Work ethic, spirituality give artist inspiration
Brian Hibbard ended up in Greensboro after trying to literally walk away from his art. He and his wife planned to hike across America. They started in California after training on the east coast, but after a few days striding over unfamiliar, rocky terrain, their dog’s feet blistered and split.
They gave up, bought a Westphalia van, lost it to a thieving hostel manager in Durango, Colo., and ended up living in a camper perched atop a mountain.
Compared to that, Hibbard’s life six years later seems downright staid. He’s standing outside Lyndon Street Artworks, dressed in a utilitarian ensemble of polar fleece, navy twill and hiking boots. If the paint streaks on his clothes were dirt instead, he might easily be mistaken for a hand on the Santa Fe ranch where he refined his work ethic.
Instead of replacing the art he’d studied at the South Carolina Governor’s School for the Arts and Humanities and Winthrop College, Hibbard’s sojourn in the Southwest returned him to it with a renewed sense of focus. Since he arrived in Greensboro in 2000, the man in the primer-striped shorts has become one of the most in-demand, talented and hard-working artists in Greensboro.
“My little experiment of doing something else failed,” Hibbard says.
When he and his wife returned to North Carolina, where his family relocated from Greenville, SC, Hibbard found a job assisting sculptor Jim Galucci. Under his tutelage, Hibbard learned the ropes of the art business alongside his apprenticeship in metals, epoxies and plaster.
The sculpture experience encouraged the painter to experiment with texture, something he started doing on his nights and weekends off.
After four years working alongside Galucci, Hibbard had enough work – through private commissions, gallery sales and public art – to support his family, which by then had grown by two children.
These days he does most of his work in his backyard. He has a methodical, workmanlike approach to his vocation, which he pursues through even the occasional bout of artist’s block. Hibbard prides himself on meeting deadlines and returning phone calls in a timely manner. Much of his prodigious output is stored in a wire-fenced workspace at Lyndon Street Artworks, where he does a brisk business.
“It’s amazing how busy I’ve stayed,” Hibbard says. “Since I do this full-time I’m able to jump on opportunities when they come up. If somebody calls I try within a day or week to jump on it. I take pride in that.”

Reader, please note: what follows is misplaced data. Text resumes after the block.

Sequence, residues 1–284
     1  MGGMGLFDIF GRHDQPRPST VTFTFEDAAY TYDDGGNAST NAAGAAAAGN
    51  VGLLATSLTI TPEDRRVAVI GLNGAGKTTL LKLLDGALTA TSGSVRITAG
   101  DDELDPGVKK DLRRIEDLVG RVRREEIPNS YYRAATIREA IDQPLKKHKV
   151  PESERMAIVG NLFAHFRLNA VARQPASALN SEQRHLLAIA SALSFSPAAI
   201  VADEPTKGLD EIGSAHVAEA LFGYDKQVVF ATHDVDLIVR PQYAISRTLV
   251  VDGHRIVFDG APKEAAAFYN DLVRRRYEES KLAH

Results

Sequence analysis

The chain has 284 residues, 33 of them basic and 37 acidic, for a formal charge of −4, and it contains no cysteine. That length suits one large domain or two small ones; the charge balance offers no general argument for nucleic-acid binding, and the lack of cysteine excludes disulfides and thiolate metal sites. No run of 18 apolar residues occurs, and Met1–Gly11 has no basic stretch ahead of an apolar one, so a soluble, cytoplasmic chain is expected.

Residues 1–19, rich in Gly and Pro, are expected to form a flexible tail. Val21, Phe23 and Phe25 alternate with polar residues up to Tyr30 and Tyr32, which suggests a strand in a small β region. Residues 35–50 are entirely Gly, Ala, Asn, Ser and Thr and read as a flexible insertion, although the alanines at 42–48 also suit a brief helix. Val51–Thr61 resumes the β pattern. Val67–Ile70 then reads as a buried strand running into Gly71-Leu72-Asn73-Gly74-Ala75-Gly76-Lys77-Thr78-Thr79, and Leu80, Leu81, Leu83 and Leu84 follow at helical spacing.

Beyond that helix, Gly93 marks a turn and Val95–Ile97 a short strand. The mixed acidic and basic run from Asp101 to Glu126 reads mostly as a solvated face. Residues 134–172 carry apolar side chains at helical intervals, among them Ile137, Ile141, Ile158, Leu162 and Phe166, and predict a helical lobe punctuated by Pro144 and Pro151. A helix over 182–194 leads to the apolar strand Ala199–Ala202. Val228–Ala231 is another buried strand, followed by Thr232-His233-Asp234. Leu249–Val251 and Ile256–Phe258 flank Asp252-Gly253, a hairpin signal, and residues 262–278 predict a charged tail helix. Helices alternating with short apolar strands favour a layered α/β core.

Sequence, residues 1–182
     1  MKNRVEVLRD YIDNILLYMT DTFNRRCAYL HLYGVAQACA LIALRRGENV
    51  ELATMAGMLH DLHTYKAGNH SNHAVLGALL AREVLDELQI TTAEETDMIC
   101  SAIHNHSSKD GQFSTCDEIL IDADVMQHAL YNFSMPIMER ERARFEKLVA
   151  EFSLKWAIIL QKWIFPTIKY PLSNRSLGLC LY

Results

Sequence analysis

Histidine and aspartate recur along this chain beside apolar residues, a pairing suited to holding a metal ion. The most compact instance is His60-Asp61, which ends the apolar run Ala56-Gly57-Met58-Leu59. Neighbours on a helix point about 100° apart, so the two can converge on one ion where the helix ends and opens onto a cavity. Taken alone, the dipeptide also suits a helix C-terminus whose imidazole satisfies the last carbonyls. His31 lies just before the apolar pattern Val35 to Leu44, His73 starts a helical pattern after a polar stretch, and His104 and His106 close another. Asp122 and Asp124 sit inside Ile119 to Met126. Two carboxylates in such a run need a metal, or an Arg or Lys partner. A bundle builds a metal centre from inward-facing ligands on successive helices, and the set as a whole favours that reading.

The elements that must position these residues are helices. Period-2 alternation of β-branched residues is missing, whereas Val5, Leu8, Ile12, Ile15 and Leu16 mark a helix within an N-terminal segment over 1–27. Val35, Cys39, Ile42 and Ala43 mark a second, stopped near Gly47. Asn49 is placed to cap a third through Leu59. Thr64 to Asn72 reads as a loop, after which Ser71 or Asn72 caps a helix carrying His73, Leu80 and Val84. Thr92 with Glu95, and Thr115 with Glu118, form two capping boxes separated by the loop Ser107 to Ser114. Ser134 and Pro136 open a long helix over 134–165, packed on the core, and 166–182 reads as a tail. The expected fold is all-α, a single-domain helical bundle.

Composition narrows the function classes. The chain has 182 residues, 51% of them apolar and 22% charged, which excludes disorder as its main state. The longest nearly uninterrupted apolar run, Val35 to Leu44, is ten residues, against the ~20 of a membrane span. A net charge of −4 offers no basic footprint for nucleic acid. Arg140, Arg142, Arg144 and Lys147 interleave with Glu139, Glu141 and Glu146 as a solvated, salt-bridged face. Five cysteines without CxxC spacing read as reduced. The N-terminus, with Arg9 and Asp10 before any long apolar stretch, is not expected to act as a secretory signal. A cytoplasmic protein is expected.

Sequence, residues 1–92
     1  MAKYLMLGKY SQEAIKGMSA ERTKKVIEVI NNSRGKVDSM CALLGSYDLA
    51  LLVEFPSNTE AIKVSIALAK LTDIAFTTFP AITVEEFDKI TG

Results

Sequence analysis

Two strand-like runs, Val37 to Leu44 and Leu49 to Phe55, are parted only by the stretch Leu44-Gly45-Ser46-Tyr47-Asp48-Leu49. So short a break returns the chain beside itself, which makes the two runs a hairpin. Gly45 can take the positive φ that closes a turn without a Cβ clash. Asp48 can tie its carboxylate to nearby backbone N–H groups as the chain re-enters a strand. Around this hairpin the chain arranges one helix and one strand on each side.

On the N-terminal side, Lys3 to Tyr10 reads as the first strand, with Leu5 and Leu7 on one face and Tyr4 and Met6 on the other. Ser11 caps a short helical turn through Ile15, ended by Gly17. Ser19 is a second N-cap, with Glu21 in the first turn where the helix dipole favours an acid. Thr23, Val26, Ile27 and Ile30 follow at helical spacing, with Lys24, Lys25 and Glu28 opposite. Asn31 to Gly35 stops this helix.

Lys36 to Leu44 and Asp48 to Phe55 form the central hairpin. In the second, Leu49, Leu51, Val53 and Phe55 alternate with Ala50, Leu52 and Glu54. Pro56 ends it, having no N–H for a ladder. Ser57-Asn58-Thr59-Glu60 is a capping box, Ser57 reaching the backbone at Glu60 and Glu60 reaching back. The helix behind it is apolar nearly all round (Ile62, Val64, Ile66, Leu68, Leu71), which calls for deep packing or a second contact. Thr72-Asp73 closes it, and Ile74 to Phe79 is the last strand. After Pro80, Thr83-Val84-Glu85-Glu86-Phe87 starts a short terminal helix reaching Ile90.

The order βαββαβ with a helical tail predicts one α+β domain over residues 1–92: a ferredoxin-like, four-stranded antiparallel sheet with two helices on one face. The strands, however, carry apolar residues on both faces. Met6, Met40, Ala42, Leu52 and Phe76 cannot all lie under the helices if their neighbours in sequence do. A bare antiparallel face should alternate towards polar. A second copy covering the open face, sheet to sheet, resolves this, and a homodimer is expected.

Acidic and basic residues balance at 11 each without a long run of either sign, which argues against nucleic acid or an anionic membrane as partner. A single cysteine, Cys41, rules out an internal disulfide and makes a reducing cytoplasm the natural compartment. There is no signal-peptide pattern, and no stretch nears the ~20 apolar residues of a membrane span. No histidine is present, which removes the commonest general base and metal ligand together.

And the calls have been coming. Samples of Hibbard’s work are on display across town, from the bronze plaques at First Horizon Park to downtown’s classical portrait of Nathaniel Greene.
Even though he’s stayed busy, it isn’t all toil. Hibbard makes time for flashes of inspiration. Two unfinished sculptures, a horse and the gigantic head of a woman, languish in the weedy lot next to the studios.
Inside his storage space, more than a dozen collage pears occupy floor space between still-life paintings and western landscapes. Walls on the opposite side support stacks of figurative work, abstract paintings and combinations of the two.
Hibbard works on panel, not canvas, for most of his paintings. For some of the figurative pieces, Hibbard employs experimental media like tar, mineral spirits and resin. He emphasizes the sculptural element even more in some of his abstract work, like one dark painting caked with broken bottles and resin.
Although he experiments with nontraditional media and abstraction, the artist’s touchstone is classical technique.
“If all I could do was paint abstract acrylics, I would not be able to well express myself,” he says.
These days he’s not going anywhere. Painting and art have become a means to support his family. It was family that, from the beginning, inspired Hibbard to make art. His first serious attempt at drawing was copying a still-life charcoal of a wine bottle, orange and teakettle that his mother drew when she was in the sixth grade.
And painting is about more than family to Hibbard, who ranks his priorities thusly: “Number one is God, number two is my family and number three is art.”
By making art for a living, Hibbard has found a way to accommodate all three.
“As a father I want to support my family,” he says. “I can do that through painting. And my paintings come from searching for God, by looking for the unearthly.”
To comment on this story, e-mail Amy Kingsley at firstname.lastname@example.org